April 2, 2014
HANYS' Survey Finds Increased Need for Primary Care Physicians
Demand Continues to Rise as Hospitals Focus on Population Health, Community Settings
ALBANY, N.Y. – New York State’s physician shortage continues, with a significant need for primary care physicians, according to a new report by the Healthcare Association of New York State (HANYS), Doctor Shortage: Outpatient and Primary Care Need Growing.
HANYS’ 2013 physician advocacy survey of hospitals and health systems found a need for 1,026 physicians statewide, excluding New York City, 26% of which are primary care physicians. As the Affordable Care Act assigns hospitals and health systems to create healthier communities with an emphasis on preventive care, 63% of respondents said their primary care capacity did not meet patient need.
Ninety-seven percent indicated primary care sites as part of their systems: 76% have off-site extension clinics; 55% have off-site hospital-owned ambulatory care practices; and 60% have on-site ambulatory care practices. Seventy percent of respondents indicated that recruitment of primary care physicians was very difficult. Looking to non-physician clinicians to fill that void, many members said they were also having difficulty recruiting both nurse practitioners and physician assistants.
“As our hospitals and health systems across New York State transition to population health management, they are met with a significant need for primary care doctors to fill these critical roles,” said HANYS President Dennis Whalen. “New York State must create more opportunities for physicians to choose to practice in under-served communities, ensuring all New Yorkers have access to care.”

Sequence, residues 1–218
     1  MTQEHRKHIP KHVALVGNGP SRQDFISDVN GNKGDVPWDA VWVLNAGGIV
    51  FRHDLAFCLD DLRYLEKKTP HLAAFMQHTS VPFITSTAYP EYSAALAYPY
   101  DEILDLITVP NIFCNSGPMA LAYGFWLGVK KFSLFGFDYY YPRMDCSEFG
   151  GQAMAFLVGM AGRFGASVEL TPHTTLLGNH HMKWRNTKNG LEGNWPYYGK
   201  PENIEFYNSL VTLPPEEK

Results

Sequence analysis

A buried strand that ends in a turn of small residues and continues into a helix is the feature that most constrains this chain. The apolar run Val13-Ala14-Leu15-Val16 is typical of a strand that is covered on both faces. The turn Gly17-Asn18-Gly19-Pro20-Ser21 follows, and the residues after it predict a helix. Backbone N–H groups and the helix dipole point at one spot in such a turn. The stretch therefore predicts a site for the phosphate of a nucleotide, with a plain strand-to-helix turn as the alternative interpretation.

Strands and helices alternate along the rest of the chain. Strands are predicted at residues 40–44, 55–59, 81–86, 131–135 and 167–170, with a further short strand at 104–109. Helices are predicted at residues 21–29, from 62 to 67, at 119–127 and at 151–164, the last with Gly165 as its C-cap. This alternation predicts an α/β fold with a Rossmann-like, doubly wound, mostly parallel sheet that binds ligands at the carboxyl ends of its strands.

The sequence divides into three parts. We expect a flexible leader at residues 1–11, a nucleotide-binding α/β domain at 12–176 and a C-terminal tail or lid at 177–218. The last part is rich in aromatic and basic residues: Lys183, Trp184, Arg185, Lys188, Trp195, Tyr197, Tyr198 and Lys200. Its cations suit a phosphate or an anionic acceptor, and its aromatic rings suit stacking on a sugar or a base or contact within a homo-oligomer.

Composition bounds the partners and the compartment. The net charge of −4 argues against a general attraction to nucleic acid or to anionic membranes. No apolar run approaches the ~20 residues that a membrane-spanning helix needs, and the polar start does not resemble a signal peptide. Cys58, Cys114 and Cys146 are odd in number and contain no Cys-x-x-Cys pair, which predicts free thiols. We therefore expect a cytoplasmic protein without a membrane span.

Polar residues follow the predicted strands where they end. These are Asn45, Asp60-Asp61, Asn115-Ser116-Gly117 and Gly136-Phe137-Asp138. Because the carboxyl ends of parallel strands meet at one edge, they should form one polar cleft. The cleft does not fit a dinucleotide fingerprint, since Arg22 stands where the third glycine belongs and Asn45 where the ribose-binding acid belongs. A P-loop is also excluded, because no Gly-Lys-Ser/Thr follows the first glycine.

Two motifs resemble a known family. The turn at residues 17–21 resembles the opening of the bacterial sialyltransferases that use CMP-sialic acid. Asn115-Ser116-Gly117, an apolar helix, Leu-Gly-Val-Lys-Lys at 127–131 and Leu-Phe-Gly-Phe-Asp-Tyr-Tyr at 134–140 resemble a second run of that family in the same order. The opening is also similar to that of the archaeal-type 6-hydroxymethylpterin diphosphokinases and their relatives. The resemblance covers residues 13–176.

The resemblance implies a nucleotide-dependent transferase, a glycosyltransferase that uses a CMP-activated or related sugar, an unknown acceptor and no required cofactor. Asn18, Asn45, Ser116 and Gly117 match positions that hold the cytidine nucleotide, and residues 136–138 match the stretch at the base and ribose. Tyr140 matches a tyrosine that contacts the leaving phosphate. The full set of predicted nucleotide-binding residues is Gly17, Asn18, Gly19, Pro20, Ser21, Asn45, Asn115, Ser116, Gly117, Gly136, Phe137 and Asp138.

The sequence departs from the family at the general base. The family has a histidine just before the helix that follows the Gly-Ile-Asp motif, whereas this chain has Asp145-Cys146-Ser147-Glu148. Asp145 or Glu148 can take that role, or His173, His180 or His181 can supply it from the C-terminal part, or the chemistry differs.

Mr. Whalen also thanked the Legislature and the Governor for including new funding in the 2014-15 State Budget for Doctors Across New York (DANY), a program that provides financial practice support and loan repayment assistance to physicians in underserved areas. This will fund 35 new awards for each program.
To help alleviate the shortage and pressures it causes, HANYS recommends the following:
- Telemedicine reform: HANYS has been successful in changing the requirement for duplicate credentialing of health care professionals, eliminating that burden for many rural hospitals seeking to provide telemedicine services, and will continue to push for insurance companies to cover telemedicine.
- Expand the highly successful DANY and Primary Care Services Corps funding.
- Develop opportunities for rural and small city residencies, as well as initiatives to encourage students to practice primary care.
While primary care physicians were the most difficult to recruit, hospitals also reported difficulty with recruiting psychiatrists, surgical sub-specialists, orthopedists, emergency physicians, surgeons, and internal medicine sub-specialists. Sixty-one percent of respondents indicated there were times when their emergency department lacked coverage for certain specialties, resulting in the need to transfer patients to other providers. Another 32% had to reduce or eliminate services in the past year due to a lack of physician coverage. In rural areas, 86% of facilities had to transfer patients and 51% had to reduce or eliminate services due to the shortages.
Other topics covered in the survey report include Patient-Centered Medical Home participation, use of electronic medical records, providers in rural areas, and a breakdown of regional trends.
HANYS’ annual survey was developed in collaboration with Iroquois Healthcare Alliance, Rochester Regional Healthcare Association, Suburban Hospital Alliance of New York State, and Western New York Healthcare Association.
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Manager, Public and Media Relations
The Healthcare Association of New York State (HANYS) is the only statewide hospital and continuing care association in New York State, representing 500 non-profit and public hospitals, nursing homes, home care agencies, and other health care organizations.